Adjunct Therapies for AMI: Ischemic Postconditioning, Deferred Stenting, and LV Unloading

Despite significant advances in the treatment of acute myocardial infarction (AMI) with the introduction of efficient reperfusion strategies such as primary percutaneous coronary intervention (PCI) and improvement in medical therapy, coronary artery disease remains the leading cause of death in the United States, with a mortality rate of about 10% at 1 year for AMI patients.1,2 In an attempt to further reduce adverse events following AMI, several novel adjuvant therapies have been pursued with great enthusiasm. Ischemic postconditioning, deferred stenting, and left ventricular (LV) unloading are some of the strategies that have generated a great amount of buzz in the field of interventional cardiology.

Ischemic Postconditioning

Myocardial reperfusion injury remains a major hurdle to improving outcomes with primary PCI. The phenomenon of paradoxical myocyte death induced by reperfusion of acutely ischemic myocardium was described by Jennings and colleagues in 1960.3 Studies in animal models of AMI suggest that reperfusion injury accounts for up to 50% of the final infarct size. Several therapeutic strategies have been shown to ameliorate myocardial reperfusion injury in animal models of ischemia/reperfusion.4 Ischemic postconditioning is one such strategy that has generated a great amount of interest.

The origins for the concept of ischemic postconditioning may have initially risen from the concept of ischemic preconditioning, which was originally proposed by Murry and colleagues.5 In this study, it was found that four 5-minute cycles of occlusion and reflow of the circumflex coronary artery rendered a protective effect on the canine myocardium and significantly reduced infarct size when performed prior to coronary occlusion. The concept of ischemic preconditioning also has a clinical basis because patients with severe coronary stenoses often develop or recruit collaterals, which may minimize ischemic injury and reduce the development of fatal ventricular arrhythmias following acute vessel occlusion. Indeed, patients without pre-existing severe stenoses who experience plaque rupture of a nonobstructive coronary lesion are unlikely to have pre-existing collaterals and are thus at higher risk of ischemic injury and fatal arrhythmia.6 Other animal studies of ischemic preconditioning also demonstrated a reduction in the accumulation of polymorphonuclear neutrophils and apoptosis.7 However, this intriguing phenomenon remained within the confines of the animal laboratory given several barriers, the most glaring of which was the fact that the preconditioning had to be done prior to the acute coronary event. Decades later, Zhao and colleagues introduced the concept of ischemic postconditioning, in which repetitive ischemia was applied during early reperfusion in the form of three cycles of alternating 30-second occlusion and 30-second reperfusion of the left anterior descending (LAD) coronary artery.8 This intervention at the onset of coronary reflow was associated with a significant reduction in infarct size. The protection was thought to be secondary to reduction in oxygen free radicals because there was a significant decrease in malondialdehyde, a product of lipid peroxidation.8 This provided a reasonably practical target for application in human studies.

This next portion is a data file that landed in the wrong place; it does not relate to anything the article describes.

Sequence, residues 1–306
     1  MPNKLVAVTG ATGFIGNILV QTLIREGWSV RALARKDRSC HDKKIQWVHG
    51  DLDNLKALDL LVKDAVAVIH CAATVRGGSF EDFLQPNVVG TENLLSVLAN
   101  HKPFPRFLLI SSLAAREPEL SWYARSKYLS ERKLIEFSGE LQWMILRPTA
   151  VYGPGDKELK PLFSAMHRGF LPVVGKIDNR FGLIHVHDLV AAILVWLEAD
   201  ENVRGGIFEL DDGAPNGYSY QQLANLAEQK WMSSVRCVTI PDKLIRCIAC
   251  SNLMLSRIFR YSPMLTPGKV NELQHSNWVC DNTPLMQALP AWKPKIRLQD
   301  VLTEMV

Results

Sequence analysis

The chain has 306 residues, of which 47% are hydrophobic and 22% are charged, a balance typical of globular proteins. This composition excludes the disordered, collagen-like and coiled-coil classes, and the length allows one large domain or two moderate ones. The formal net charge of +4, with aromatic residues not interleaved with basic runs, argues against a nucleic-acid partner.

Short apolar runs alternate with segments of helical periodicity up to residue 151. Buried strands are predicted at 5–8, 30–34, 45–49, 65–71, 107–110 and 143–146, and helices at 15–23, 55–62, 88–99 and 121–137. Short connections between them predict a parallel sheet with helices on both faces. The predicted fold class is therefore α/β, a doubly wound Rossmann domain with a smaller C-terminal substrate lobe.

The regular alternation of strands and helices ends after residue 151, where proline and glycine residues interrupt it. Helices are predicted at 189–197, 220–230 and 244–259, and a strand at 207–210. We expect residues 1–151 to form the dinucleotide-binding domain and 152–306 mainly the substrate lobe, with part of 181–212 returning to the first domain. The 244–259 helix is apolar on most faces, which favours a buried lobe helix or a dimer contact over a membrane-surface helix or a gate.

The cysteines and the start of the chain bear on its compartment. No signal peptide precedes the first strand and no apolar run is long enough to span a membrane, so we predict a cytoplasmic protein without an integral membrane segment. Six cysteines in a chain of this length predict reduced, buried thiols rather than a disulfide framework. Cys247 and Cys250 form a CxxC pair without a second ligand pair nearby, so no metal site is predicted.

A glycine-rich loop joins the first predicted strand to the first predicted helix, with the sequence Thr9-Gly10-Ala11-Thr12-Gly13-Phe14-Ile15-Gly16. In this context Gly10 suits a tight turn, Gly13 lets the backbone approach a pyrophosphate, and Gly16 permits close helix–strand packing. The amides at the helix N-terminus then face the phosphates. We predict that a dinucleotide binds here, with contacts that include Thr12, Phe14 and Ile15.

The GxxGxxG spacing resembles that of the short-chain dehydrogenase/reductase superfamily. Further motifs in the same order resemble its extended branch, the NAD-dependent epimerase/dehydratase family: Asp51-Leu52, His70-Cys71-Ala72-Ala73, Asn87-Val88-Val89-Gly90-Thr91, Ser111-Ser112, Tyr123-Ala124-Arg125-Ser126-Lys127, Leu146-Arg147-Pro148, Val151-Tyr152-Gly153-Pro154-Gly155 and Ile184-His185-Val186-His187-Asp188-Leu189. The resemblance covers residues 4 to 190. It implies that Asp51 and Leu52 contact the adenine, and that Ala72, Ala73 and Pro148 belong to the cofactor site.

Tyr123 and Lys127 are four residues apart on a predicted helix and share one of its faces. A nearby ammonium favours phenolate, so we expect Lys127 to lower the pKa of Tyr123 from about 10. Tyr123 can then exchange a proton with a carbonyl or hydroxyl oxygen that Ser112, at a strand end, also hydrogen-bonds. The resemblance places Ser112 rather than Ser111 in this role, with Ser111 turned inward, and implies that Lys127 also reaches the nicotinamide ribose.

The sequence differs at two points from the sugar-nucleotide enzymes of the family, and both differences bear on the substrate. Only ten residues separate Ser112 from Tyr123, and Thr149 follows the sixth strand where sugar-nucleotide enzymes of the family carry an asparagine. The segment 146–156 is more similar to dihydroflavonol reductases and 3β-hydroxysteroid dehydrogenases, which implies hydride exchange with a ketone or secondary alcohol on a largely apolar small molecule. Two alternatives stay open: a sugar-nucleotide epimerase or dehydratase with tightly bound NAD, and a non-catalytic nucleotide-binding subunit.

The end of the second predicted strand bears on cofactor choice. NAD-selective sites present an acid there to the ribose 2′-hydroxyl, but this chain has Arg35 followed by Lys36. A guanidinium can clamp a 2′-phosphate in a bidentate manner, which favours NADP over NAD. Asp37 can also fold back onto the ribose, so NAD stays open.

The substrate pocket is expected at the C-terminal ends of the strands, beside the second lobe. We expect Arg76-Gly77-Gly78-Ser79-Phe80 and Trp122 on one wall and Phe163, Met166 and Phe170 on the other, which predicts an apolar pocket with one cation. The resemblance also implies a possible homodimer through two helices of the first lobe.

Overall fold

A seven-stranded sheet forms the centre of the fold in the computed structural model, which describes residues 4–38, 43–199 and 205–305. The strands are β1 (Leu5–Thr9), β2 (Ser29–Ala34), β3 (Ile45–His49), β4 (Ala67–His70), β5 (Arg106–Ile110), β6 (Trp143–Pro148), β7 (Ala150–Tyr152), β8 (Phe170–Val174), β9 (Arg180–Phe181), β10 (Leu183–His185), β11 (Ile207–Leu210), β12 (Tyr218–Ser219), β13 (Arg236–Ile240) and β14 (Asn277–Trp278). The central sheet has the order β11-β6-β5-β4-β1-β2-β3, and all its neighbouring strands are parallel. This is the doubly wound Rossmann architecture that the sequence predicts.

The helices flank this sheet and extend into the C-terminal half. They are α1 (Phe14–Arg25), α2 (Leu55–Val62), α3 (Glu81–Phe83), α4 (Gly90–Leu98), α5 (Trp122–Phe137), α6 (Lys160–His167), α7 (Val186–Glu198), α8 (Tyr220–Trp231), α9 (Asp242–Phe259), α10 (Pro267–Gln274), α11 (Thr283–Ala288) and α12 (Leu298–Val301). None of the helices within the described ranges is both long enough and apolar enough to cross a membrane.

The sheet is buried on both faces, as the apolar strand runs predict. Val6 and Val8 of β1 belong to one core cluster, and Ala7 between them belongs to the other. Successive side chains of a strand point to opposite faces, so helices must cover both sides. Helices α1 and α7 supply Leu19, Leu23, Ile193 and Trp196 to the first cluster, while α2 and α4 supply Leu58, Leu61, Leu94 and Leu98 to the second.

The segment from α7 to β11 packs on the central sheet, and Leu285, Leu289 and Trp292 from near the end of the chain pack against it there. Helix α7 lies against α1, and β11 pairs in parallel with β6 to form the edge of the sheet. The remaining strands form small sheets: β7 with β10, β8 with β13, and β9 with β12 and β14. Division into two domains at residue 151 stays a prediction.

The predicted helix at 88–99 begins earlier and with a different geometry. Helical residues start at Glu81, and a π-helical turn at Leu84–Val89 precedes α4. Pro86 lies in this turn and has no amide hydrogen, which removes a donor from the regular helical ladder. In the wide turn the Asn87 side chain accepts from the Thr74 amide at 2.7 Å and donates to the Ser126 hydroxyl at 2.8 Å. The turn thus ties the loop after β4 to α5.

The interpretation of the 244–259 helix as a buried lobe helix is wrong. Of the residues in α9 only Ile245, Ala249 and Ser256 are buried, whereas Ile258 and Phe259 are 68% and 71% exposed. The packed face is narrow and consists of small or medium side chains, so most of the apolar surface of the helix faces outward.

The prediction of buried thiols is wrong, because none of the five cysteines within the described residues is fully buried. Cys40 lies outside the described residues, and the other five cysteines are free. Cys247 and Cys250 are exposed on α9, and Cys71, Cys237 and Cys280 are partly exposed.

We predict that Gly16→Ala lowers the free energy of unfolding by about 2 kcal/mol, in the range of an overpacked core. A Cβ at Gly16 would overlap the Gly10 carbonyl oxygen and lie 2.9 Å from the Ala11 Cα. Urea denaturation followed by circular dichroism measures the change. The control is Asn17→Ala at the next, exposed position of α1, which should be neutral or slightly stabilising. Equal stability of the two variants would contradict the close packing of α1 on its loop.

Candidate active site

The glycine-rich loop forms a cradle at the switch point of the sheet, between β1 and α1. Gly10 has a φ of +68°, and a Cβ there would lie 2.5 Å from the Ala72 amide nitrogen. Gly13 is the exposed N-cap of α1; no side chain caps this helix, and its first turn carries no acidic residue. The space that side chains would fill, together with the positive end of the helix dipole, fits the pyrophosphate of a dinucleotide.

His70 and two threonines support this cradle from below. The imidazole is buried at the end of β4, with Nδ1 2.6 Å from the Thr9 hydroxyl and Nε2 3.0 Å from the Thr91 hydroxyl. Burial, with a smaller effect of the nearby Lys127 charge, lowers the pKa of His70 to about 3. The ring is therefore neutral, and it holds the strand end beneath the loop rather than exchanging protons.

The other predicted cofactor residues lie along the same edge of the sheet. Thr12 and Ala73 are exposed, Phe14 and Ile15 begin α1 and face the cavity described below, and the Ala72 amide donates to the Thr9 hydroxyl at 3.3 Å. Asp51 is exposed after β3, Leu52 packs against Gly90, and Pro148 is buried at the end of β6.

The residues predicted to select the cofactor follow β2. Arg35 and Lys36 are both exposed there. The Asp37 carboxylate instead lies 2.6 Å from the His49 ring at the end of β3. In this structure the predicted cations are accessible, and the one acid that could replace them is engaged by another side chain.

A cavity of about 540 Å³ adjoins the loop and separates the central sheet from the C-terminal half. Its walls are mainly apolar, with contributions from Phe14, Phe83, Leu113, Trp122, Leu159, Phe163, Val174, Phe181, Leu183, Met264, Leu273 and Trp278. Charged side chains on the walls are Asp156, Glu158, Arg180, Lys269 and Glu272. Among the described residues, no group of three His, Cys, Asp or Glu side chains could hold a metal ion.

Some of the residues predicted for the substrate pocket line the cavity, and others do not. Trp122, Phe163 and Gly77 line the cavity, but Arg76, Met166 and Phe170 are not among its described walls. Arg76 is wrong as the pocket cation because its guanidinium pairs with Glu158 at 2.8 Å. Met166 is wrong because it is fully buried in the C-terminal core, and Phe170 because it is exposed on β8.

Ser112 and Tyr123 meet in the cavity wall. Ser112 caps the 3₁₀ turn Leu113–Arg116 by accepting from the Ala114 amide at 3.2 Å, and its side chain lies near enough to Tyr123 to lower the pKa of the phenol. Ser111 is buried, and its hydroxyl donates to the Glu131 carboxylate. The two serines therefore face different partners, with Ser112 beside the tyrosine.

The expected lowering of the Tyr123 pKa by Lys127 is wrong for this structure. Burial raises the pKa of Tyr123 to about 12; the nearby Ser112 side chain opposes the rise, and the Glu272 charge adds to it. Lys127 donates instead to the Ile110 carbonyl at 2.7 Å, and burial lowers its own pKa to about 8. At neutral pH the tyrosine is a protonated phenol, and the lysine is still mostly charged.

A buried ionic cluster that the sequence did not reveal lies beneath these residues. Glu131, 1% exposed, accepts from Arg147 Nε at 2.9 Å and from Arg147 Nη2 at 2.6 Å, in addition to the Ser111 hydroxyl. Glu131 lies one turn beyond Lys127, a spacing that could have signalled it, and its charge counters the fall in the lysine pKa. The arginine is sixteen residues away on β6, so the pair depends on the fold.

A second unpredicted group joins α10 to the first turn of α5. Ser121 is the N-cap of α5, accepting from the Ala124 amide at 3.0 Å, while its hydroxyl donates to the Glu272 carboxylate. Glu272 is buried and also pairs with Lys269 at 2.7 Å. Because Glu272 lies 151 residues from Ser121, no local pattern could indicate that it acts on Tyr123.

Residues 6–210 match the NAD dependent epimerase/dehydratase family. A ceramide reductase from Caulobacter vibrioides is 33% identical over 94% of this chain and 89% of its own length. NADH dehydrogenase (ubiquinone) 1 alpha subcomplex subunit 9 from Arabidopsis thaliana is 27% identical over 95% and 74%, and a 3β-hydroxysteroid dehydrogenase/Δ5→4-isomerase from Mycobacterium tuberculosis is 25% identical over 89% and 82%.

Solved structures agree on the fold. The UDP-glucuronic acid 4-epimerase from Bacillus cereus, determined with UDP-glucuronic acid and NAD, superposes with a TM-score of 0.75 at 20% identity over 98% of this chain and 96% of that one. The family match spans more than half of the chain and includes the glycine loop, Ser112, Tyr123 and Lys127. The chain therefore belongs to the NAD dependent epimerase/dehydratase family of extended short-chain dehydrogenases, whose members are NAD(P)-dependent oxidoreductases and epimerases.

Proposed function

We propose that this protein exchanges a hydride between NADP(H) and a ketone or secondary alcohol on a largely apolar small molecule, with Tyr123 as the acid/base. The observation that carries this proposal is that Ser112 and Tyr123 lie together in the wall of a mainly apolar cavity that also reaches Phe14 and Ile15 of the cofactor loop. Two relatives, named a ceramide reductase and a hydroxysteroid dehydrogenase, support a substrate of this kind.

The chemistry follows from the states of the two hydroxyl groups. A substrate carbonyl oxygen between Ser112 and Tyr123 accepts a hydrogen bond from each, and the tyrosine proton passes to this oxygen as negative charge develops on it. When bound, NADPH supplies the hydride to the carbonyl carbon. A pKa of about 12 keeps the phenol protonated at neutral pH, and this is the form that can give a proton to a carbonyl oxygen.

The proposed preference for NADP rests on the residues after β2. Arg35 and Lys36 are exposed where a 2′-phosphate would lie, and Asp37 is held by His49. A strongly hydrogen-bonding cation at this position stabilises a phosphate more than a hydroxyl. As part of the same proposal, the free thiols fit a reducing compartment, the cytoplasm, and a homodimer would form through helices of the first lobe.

Remote ischemic postconditioning involves the same occlusion-reperfusion cycles that have been described but is applied to areas such as an arm or leg to confer cardioprotection against reperfusion injury. In 1993, Przyklenk and colleagues performed four cycles of ischemia/reperfusion applied to the left circumflex artery and reduced infarct size when it preceded ischemia in the LAD territory. This was subsequently extended to remote non-cardiac tissue areas such as arm and leg. Several small studies using surrogate markers revealed a cardioprotective effect in the form of reduced infarct size. The mechanism of cardioprotection in these cases remains unclear but is thought to be secondary to paracrine effects.9 However, there have been no large studies with long-term clinical endpoints yet.

Since these early animal studies, several small studies in humans have confirmed the beneficial effects of ischemic postconditioning, both acutely and in long-term follow-up using surrogate markers.10 However, use of surrogate markers to predict clinical hard outcomes such as death, recurrent myocardial infarction, and heart failure (HF) exacerbation has repeatedly fallen short when major randomized trials are conducted. The most recent victim appears to be the cholesteryl ester transfer protein inhibitor drug class, for which the reduction of low-density lipoprotein cholesterol and increase in high-density lipoprotein cholesterol should improve clinical outcomes but instead had no effect or even placed patients at risk.